People who are legally blind or have low vision. There are specific sight criteria that must be met. Even if an applicant does not meet these criteria, the person may qualify for disability if vision problems prevent him or her from working.
Surviving spouses with disabilities. When a worker dies, his or her surviving spouse or surviving divorced spouse may be eligible for benefits if:
- He or she is between the ages of 50 and 60
- He or she has a medical condition that meets the SSA’s definition of disability for adults
- The disability began before or within seven years of the worker’s death
Children with disabilities. A disabled child can receive disability benefits despite not having the necessary work history that would be required of an adult. The rules take into account the child’s age, when the disability began, and other factors.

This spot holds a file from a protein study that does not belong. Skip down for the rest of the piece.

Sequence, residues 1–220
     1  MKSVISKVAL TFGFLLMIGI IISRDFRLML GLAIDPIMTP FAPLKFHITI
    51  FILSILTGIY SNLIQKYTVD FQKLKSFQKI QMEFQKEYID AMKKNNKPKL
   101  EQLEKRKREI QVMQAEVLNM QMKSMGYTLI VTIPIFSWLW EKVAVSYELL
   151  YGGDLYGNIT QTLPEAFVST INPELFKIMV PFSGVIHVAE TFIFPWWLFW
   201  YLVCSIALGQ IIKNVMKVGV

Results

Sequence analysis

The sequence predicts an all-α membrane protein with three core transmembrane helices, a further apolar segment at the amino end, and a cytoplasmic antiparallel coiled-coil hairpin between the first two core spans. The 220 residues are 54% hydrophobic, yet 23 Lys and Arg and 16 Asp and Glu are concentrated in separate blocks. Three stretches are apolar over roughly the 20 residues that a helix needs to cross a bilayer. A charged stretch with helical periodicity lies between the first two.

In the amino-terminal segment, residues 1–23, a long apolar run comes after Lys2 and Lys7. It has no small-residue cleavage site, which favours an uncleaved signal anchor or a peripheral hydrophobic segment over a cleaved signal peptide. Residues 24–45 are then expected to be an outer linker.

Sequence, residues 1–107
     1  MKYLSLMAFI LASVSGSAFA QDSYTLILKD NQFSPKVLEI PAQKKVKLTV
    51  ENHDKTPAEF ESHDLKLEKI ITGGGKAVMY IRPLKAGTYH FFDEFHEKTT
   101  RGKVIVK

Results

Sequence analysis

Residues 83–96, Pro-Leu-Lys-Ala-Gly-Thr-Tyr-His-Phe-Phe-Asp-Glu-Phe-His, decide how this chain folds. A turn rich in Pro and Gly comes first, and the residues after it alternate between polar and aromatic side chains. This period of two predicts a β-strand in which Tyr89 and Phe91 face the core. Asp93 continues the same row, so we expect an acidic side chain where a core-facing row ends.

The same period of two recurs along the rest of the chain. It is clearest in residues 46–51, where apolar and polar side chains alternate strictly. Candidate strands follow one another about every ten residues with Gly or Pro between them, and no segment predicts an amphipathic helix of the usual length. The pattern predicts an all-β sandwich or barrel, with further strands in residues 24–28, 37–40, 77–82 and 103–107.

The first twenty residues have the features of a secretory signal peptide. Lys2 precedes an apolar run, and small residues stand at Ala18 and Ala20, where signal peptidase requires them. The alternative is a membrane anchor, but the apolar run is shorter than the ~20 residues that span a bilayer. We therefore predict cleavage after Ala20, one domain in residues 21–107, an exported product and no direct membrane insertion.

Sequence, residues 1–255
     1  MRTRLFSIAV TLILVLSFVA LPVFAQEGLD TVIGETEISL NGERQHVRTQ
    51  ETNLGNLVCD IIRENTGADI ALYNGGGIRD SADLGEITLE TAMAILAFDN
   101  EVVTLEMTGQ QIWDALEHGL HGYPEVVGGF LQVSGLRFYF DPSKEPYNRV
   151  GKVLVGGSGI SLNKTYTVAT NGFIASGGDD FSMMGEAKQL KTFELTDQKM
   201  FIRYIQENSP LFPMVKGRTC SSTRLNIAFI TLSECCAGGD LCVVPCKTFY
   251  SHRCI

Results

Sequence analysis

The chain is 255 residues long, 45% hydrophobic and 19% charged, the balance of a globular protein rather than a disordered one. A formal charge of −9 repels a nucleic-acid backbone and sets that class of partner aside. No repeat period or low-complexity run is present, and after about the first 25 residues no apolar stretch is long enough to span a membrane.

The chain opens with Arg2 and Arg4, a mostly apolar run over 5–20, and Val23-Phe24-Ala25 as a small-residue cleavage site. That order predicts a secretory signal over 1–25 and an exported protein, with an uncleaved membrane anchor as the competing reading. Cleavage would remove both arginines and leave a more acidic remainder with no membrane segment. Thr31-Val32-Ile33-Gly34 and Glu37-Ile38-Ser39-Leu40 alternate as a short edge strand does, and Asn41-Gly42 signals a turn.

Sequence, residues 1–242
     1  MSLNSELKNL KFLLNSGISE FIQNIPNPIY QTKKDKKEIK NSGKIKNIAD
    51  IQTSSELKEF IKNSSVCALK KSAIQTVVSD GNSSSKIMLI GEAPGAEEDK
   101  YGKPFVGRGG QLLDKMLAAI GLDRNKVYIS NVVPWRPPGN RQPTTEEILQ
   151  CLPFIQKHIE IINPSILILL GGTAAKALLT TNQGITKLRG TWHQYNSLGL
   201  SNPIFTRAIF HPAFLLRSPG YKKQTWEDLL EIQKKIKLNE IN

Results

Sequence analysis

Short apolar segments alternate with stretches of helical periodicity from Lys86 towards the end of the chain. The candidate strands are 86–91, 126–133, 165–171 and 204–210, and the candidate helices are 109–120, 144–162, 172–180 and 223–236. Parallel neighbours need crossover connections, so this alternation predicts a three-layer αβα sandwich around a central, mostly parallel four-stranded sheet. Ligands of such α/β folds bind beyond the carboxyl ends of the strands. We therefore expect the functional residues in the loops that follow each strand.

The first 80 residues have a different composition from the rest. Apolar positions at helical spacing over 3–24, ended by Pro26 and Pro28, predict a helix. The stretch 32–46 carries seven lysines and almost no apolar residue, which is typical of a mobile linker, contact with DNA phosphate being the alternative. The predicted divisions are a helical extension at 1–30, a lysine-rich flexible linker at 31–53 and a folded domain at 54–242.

Wounded warriors and veterans. Veterans with a VA disability compensation rating of 100% Permanent & Total (P&T) or who developed a disability while on active military service on or after October 1, 2001, may qualify for expedited claim processing.
What Does SSDI Pay For?
Social Security Disability can be used to help an individual pay for basic living expenses such as:
- Mortgage or rent
- Utility, water, and electricity bills
- Doctor’s visits and medical needs
- Prescription medications
- Supporting one’s family
The amount of your SSDI monthly payment is based on your age, income, work credits, and expected retirement date. Benefits may be paid on top of unemployment benefits, workers’ compensation, and personal injury lawsuit damages.